Why Google Threw Down $3.2 Billion On Nest Labs’ Smart Thermostat

The Nest smoke and carbon monoxide alarm. CREDIT: AP PHOTO/MARCIO JOSE SANCHEZ
The Nest smoke and carbon monoxide alarm. CREDIT: AP PHOTO/MARCIO JOSE SANCHEZ

Before Tony Fadell co-founded Nest Labs, which develops smart home appliances like thermostats and smoke and carbon monoxide alarms that can connect to other devices, he led the team that created the first 18 generations of the iPod and the first three generations of the iPhone. Now he’s crossed the gamut from Apple to Google, as on Monday Google purchased Nest Labs for $3.2 billion in cash.

Smart thermostats can change the way people interact with their houses and can lead to energy and cost savings by allocating energy use and allowing for remote control using WiFi. The Nest Learning Thermostat actually learns from a household’s dwelling habits, adjusting and readjusting heating and cooling to personal schedules even as they change over long periods of time.

In a blog post about the acquisition by Google, Fadell wrote that Nest has “partnerships with some of the largest energy companies in the country to help people save energy and money.”

In an earlier interview with WebProNews, Fadell said of his smart thermostat investment that “it was unacceptable to me that the device that controls 10 percent of all energy consumed in the U.S. hadn’t kept up with advancements in technology and design. We hope it will not only save money and energy, but that it will teach and inspire people to think more about how they can reduce home energy consumption.”


Reactions to the acquisition have expressed concern that individual people might not be the ones thinking so much about their energy consumption — it might be Google that wants that power.

“Google wants to be the connective tissue for all the devices and all the services in our lives,” Jan Dawson, an analyst for Jackdaw Research, told TIME.

Google already possesses untold amounts of data on people’s online lives; the addition of Nest brings Google further into people’s offline existence.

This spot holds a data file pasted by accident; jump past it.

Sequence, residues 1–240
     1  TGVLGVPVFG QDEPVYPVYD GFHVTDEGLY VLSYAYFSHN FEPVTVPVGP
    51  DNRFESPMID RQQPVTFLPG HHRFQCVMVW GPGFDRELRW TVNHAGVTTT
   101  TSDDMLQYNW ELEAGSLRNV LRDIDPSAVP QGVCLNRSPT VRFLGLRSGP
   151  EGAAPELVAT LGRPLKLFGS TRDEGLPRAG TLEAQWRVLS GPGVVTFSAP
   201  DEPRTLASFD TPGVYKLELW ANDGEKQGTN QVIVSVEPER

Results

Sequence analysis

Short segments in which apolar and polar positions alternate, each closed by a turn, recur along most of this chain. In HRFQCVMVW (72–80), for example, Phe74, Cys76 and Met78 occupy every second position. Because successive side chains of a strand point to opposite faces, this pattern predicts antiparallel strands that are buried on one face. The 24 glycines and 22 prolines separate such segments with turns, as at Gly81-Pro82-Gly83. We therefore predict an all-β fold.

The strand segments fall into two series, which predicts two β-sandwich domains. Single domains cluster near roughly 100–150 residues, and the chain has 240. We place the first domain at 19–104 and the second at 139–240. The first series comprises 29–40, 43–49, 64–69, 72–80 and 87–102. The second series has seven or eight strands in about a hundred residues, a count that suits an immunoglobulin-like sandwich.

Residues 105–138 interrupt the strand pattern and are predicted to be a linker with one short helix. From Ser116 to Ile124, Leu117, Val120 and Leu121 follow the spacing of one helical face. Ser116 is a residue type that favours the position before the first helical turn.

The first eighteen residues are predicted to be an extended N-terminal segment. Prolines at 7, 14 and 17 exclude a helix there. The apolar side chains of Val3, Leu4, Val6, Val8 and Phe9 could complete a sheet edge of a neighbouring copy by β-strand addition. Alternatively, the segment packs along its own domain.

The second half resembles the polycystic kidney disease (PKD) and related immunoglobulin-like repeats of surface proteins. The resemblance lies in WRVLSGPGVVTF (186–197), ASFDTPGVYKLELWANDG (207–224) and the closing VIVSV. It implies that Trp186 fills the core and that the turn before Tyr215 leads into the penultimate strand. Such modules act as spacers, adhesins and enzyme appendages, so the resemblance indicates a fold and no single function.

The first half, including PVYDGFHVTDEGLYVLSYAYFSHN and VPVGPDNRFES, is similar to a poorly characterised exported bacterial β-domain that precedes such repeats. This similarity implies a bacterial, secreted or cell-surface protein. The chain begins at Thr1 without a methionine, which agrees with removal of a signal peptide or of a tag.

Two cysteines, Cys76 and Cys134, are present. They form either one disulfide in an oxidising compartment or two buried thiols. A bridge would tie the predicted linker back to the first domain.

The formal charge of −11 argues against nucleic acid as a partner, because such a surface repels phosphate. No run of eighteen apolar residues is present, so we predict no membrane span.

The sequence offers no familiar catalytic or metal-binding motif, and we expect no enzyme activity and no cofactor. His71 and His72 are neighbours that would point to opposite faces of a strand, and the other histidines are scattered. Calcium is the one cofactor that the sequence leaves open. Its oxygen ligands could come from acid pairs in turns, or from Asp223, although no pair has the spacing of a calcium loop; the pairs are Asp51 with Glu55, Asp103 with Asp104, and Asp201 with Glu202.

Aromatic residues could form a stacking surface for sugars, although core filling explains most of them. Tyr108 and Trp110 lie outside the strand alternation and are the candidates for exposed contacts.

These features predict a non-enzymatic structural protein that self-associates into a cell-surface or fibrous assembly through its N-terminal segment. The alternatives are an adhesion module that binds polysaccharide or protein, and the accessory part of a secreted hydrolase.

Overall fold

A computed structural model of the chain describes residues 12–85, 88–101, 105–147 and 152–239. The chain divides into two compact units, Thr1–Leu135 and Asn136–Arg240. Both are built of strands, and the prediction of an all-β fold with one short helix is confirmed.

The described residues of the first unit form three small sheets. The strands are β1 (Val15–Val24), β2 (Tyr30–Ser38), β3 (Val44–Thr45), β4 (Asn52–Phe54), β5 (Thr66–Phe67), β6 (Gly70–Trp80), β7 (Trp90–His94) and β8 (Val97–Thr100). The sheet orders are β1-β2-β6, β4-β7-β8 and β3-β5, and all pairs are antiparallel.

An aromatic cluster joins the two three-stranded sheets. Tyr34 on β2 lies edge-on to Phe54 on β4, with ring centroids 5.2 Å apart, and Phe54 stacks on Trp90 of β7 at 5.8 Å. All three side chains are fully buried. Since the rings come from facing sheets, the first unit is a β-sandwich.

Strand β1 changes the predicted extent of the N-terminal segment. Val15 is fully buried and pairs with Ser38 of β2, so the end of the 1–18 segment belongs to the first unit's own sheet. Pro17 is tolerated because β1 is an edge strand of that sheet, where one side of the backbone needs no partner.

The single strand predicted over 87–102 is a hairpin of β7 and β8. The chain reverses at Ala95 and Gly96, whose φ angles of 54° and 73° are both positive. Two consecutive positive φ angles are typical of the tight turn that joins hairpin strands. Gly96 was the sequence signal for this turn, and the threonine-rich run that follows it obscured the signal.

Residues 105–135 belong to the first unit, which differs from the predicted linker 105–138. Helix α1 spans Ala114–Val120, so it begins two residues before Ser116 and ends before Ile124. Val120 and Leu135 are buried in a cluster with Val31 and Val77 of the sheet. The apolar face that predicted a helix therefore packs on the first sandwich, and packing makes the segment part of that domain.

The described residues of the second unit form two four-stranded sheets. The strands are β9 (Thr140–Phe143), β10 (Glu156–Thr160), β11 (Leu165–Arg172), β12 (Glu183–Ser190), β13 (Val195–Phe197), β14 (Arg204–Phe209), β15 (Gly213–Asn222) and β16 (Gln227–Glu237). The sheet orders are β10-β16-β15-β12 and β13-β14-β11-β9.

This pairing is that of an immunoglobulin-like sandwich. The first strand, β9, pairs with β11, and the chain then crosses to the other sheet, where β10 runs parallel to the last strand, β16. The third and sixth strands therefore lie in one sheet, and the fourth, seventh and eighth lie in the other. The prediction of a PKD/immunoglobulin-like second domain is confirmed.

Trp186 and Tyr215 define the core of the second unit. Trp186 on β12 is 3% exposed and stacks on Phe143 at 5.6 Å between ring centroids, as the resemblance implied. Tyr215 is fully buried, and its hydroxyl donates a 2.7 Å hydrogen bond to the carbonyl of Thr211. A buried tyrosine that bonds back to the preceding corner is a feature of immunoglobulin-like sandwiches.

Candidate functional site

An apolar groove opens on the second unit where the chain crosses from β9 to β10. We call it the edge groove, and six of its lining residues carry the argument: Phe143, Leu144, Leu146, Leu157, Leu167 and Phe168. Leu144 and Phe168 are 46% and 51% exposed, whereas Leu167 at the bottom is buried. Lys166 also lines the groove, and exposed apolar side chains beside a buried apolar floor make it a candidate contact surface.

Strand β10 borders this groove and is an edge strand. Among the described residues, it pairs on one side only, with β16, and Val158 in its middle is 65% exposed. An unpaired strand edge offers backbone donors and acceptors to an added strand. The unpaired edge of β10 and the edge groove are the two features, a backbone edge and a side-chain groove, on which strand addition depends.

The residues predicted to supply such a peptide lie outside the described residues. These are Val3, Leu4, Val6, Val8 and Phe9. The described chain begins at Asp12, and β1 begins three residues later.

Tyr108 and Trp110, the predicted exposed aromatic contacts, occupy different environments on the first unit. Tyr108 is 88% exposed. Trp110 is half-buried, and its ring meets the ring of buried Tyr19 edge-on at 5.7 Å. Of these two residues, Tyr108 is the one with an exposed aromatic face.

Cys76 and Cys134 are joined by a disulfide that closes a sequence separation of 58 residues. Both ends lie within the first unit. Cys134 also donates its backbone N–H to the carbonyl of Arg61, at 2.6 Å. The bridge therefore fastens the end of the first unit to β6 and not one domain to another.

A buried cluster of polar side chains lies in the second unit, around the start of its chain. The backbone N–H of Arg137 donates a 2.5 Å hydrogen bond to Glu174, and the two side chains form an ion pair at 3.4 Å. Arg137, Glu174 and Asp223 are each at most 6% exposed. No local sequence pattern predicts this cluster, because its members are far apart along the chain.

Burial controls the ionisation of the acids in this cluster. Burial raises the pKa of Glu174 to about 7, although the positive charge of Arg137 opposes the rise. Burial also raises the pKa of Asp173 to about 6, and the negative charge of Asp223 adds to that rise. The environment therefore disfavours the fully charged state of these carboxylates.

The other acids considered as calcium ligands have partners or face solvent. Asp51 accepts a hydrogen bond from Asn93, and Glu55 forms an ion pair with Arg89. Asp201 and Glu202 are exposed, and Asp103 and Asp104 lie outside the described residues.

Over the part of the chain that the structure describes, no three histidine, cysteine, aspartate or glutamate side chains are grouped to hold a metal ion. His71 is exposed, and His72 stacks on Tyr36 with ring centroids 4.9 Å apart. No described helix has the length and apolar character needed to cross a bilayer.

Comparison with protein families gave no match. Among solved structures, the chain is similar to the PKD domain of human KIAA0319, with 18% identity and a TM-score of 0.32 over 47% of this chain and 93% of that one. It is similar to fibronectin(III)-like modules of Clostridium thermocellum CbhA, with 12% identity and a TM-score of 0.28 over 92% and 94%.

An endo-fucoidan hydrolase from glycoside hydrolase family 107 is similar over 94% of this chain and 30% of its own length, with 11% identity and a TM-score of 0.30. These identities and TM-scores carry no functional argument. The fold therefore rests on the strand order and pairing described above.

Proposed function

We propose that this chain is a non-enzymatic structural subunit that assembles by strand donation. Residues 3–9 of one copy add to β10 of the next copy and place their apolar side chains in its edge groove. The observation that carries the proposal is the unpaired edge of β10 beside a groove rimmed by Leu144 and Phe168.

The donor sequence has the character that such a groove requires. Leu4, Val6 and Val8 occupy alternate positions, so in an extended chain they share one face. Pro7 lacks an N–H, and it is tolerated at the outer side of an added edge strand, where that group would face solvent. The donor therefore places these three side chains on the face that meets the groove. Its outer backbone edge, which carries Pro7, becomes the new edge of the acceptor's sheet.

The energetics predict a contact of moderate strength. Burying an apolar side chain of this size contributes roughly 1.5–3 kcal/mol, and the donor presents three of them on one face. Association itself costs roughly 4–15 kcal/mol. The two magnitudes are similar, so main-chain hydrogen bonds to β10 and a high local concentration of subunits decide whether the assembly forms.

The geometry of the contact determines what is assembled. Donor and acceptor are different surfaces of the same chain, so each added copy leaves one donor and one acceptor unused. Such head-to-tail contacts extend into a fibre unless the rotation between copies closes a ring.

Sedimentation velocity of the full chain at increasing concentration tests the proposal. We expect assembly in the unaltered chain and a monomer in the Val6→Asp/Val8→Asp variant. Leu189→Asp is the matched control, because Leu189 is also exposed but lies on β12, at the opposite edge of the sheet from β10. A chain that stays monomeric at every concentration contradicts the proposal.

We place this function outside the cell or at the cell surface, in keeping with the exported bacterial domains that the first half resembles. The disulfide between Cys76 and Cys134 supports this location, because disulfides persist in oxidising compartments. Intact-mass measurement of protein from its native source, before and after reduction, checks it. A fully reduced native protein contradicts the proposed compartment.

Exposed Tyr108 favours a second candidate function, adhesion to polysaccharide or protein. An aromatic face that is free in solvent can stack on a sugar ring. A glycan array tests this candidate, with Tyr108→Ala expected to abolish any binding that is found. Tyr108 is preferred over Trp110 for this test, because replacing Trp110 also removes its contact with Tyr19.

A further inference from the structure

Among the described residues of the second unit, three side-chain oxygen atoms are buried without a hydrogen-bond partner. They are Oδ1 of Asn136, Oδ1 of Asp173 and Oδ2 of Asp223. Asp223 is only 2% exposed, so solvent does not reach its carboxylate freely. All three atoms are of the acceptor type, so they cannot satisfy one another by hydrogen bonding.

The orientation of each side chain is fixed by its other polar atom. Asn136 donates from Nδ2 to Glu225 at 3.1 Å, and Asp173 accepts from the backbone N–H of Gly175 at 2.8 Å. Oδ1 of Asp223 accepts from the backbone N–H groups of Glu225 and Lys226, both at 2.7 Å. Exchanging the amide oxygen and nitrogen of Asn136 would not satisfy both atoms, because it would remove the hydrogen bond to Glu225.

A statement on the Nest website tried to quell concerns over this, stating “our privacy policy clearly limits the use of customer information to providing and improving Nest’s products and services. We’ve always taken privacy seriously and this will not change.”

In any case, this is a smart move by Google, as recent research has predicted that 32 million smart thermostats will be installed worldwide by 2020, up from the less than 1.4 million installed in 2013.


As of November, Nest Labs was reportedly shipping 40,000 smart thermostats per month. The thermostat currently retails for $249.

Google has been eyeing Nest for a while, and the smart thermostat acquisition bolsters the company’s investment in clean energy and a the broader deployment of smart grid technology. Google has invested more than $300 million in distributed solar companies that let homeowners produce their own solar power. A smart grid is a necessary part of any distributed energy system, and technology like Nest that can monitor, manage and collect energy-use data will play a key role in future electricity infrastructure.

This major move by one of the largest companies in the world is further evidence that last week’s 60 Minutes segment on the so-called “cleantech crash” totally failed to grasp the crucial role that clean technology is poised to play in coming decades as fossil fuels become even less appealing for environmental and economic reasons and climate change exacerbates.

Smart thermostats like Nest’s are part of the clean technology paradigm because they help conserve resources and catalyze clean energy adoption.